male broad bill hummingbird

Broad-Billed Hummingbird

Cynanthus latirostris

Order: Apodiformes

Family: Trochilidae

Size: 3.5 – 4in (9-10cm)

Broad-Billed Hummingbird Song

Overview

This southwestern hummingbird is one of the most mild-tempered. It’s rare to see two males fighting over territory or females. Their quite uninspired name comes from the literal translation of its species name – cynanthus latirostris. It’s sound is unique from all other North American hummingbirds as it consists mostly of raspy and almost insect-like chattering.

How to Identify

The male Broad-Billed hummingbird is easy to distinguish. Some of it’s more defining features include a long broad bill, long and constantly-moving tail, and a glittering sapphire blue neck.The female and male are close in size and proportions.

Broad-Billed Hummingbird Range & Migration Map

The Broad-Bill Hummingbird is a rare resident in shrub thickets and canyons. Most often found in southern Arizona and southwest New Mexico at elevations above 5,000ft. In migratory season, this hummingbird has also been sighted in Texas and California.

broad-billed hummingbird migration and range map
male broad-tailed hummingbird

Broad-Tailed Hummingbird

Selasphorus platycercus

Order: Apodiformes

Family: Trochilidae

Size: 3.75 – 4in (9.5 – 11cm)

Broad-Tailed Hummingbird Song

Overview

This medium-sized hummingbird is one of the most hummingbirds of the Rocky Mountains. Their call, which resembles the ringing of tiny bells, is a common sound during the Rocky Mountain summers. Fun fact, a female Broad-Tailed Hummingbird is the oldest known wild hummingbird in the United States reaching a ripe old age of 12 years.

How to Identify

The Broad-Tailed male hummingbird sports a hot pink gorget which contrasts with a white breast. It’s medium-sized with a a decently long tail and straight black bill. It’s a mild-manned hummingbird that is easily bullied by other hummingbirds.

Broad-Tailed Hummingbird Range & Migration Map

The Broad-Tailed Hummingbird breeds from Wyoming and central Idaho down to Mexico. Winters in Mexico and can rarely be found along the Gulf of Mexico states. It prefers mountain forests and woodlands.

broad-tailed hummingbird migration and range map
male calliope hummingbird

Calliope Hummingbird

Stellula calliope

Order: Apodiformes

Family: Trochilidae

Size: 2.75 – 3.25in (7.5 – 8cm)

Calliope Hummingbird Song

Overview

The Calliope Hummingbird is the smallest breeding bird in the United States. In fact, the male weighs less than a penny. The Calliope’s species name is Greek for “beautiful voice” which is rather ironic given that this hummingbird has limited vocal ability. This hummingbird prefers habitats in conifer forests and older growth following forest fires.

How to Identify

The Calliope Hummingbird is a really small bird with a short black bill and short tail. The male sports a red to purple gorget with a white background. It’s very small size should distinguish it from other hummingbirds rather easily.

Calliope Hummingbird Range & Migration Map

The Calliope Hummingbird breeds in the northwestern states starting from northern California. During the winters, it can be found in the states along the Gulf of Mexico. During migration season, they can be found following both the Rocky Mountain and Pacific ranges.

calliope hummingbird migration and range map
Male Costa's Hummingbird

Costa’s Hummingbird

Calypte costae

Order: Apodiformes

Family: Trochilidae

Size: 3 – 3.5in (7.5 – 9cm)

Costa’s Hummingbird Song

Overview

The Costa’s Hummingbird is a desert hummingbird that has been edged out of its natural habitat by urbanization. Most commonly found in the Sonoran and Mojave Deserts. It’s named in honor of Louis Costa, who was an early collector of hummingbird specimens.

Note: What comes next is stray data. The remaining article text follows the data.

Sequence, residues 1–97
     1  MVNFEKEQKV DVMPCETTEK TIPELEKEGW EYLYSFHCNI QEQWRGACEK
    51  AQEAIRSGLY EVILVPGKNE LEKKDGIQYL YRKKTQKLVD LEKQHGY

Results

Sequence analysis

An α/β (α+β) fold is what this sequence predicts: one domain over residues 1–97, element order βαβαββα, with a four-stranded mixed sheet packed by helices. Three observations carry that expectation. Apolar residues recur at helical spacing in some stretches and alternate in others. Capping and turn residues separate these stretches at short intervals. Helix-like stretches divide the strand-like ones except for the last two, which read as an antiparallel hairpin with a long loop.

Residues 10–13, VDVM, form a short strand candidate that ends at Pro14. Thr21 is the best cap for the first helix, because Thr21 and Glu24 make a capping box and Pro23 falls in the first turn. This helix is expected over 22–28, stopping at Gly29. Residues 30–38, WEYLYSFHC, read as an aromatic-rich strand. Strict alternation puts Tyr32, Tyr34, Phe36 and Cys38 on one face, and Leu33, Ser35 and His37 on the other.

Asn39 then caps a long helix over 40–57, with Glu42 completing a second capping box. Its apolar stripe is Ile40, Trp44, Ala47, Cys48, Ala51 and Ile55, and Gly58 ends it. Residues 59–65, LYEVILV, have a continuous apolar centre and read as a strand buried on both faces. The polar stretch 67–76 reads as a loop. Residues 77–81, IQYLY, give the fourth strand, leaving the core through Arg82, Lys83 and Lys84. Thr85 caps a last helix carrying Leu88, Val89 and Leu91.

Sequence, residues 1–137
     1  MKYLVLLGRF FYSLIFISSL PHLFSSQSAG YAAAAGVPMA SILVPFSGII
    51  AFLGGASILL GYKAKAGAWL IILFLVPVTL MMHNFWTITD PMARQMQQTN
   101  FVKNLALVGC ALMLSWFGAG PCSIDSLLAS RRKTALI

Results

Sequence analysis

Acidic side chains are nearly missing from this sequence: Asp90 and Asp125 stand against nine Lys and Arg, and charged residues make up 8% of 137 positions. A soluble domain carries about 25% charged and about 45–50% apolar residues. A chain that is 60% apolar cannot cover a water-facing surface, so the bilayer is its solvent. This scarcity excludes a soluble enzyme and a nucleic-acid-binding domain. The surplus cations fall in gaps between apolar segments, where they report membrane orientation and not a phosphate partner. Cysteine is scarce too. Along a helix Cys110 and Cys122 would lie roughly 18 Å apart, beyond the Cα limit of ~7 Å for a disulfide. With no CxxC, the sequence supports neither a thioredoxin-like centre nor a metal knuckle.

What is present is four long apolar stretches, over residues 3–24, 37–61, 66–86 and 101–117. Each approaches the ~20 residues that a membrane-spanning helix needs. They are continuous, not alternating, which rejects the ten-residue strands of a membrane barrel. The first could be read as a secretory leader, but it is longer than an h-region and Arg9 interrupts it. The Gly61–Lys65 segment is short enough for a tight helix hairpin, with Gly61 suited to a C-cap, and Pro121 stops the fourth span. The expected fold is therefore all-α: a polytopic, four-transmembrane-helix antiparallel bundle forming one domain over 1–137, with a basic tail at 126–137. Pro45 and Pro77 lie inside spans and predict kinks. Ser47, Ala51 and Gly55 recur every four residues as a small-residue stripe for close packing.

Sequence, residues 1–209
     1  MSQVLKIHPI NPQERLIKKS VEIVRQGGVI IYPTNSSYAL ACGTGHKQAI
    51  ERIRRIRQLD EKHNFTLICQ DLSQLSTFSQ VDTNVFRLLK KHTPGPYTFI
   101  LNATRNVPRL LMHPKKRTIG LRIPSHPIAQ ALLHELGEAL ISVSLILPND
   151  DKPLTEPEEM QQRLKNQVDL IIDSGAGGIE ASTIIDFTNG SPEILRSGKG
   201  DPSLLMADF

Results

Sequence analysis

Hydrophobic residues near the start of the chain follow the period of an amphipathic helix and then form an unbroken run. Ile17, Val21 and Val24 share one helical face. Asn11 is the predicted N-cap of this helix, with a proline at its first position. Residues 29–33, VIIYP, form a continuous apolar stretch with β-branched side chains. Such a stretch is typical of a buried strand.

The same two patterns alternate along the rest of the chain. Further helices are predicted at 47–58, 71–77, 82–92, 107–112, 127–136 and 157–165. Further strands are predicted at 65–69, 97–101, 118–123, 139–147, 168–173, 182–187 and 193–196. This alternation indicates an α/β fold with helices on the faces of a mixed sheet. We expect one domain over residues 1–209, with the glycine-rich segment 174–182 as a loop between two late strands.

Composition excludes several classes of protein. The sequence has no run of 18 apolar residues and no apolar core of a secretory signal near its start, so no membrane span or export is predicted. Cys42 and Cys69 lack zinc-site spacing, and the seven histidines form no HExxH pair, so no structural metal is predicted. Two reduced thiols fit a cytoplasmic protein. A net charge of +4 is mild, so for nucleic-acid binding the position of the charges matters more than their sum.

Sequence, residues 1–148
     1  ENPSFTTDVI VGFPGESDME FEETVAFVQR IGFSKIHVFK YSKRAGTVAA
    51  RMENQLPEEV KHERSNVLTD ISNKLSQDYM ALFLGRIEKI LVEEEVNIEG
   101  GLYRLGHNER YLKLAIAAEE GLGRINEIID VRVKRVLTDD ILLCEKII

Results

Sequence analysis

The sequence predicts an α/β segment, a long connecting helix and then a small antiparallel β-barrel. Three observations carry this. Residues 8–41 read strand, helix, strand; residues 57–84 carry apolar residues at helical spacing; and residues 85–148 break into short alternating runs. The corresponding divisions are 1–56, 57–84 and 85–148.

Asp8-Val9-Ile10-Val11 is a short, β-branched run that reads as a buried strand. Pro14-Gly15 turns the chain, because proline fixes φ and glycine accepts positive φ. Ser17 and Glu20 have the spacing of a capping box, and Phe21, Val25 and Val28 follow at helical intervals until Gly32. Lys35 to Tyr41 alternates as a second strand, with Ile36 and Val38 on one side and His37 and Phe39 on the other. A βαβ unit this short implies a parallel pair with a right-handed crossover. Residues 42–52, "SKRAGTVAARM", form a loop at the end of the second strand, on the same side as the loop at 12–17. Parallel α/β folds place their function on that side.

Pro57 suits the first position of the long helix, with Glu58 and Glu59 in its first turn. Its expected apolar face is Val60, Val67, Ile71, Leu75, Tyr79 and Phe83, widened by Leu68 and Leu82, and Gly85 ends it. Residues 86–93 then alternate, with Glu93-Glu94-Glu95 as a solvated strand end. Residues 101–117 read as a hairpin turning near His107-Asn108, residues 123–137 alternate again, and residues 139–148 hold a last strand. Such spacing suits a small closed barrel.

How to Identify

The “Fu Manchu” gorget of adult males is pretty much impossible to miss and makes the males easy to identify. But the females are easy to confuse with Anna’s or Black-Chinned hummingbirds. Anna’s female hummingbirds have longer and larger bills and longer tails that, unlike Costa’s are rarely seen being “pumped” while in flight.

Costa’s Hummingbird Range & Migration Map

The Costa’s hummingbird breeds in scrub habitats and thrives in the Sonoran and Mojave deserts. It’s a resident in southern California and southwestern Arizona but during the breeding season can be found in northern California and east to central Arizona.

costa's hummingbird migration and range map
green-violet-ear-hummingbird

Green-Violet Ear Hummingbird

Colibri thalassinus

Order: Apodiformes

Family: Trochilidae

Size: (9.7 – 12cm)

Overview

Otherwise known as the Mexican violet ear, this hummingbird is a vagrant species that frequent southern states via Mexico. It’s regarded as something of a nomad, and they tend to prefer forest clearings to breed in. They are some of the most striking hummingbird species traveling in this direction – though they are known to be quite aggressive, and will chase other species off a feeder.

How to Identify

This hummingbird has a stunning array of green plumes and purple patches to the ears, with a dark pair of wings and a blue-tinted tail. Telling the difference between males and females can be difficult, however, males are thought to be a little more striking or bold in color.

Green-Violet Ear Hummingbird Range & Migration Map

The green violet ear is a born wanderer, with more than 30 different records indicating visitations to eastern Texas in the past 60 years. However, it’s also been spotted traveling from Mexico and Central America as far and as wide as Alabama, Arkansas, California, Colorado, Kentucky, Louisiana, Michigan, Mississippi, Montana, North Carolina, Ohio, Oklahoma, and Wisconsin.

green-violet-ear-hummingbird-migration-map
rivolis-hummingbird

Rivoli’s Hummingbird

Eugenes fulgens

Order: Apodiformes

Family: Trochilidae

Size: 4.3 – 5.5in (11 – 14cm)

Overview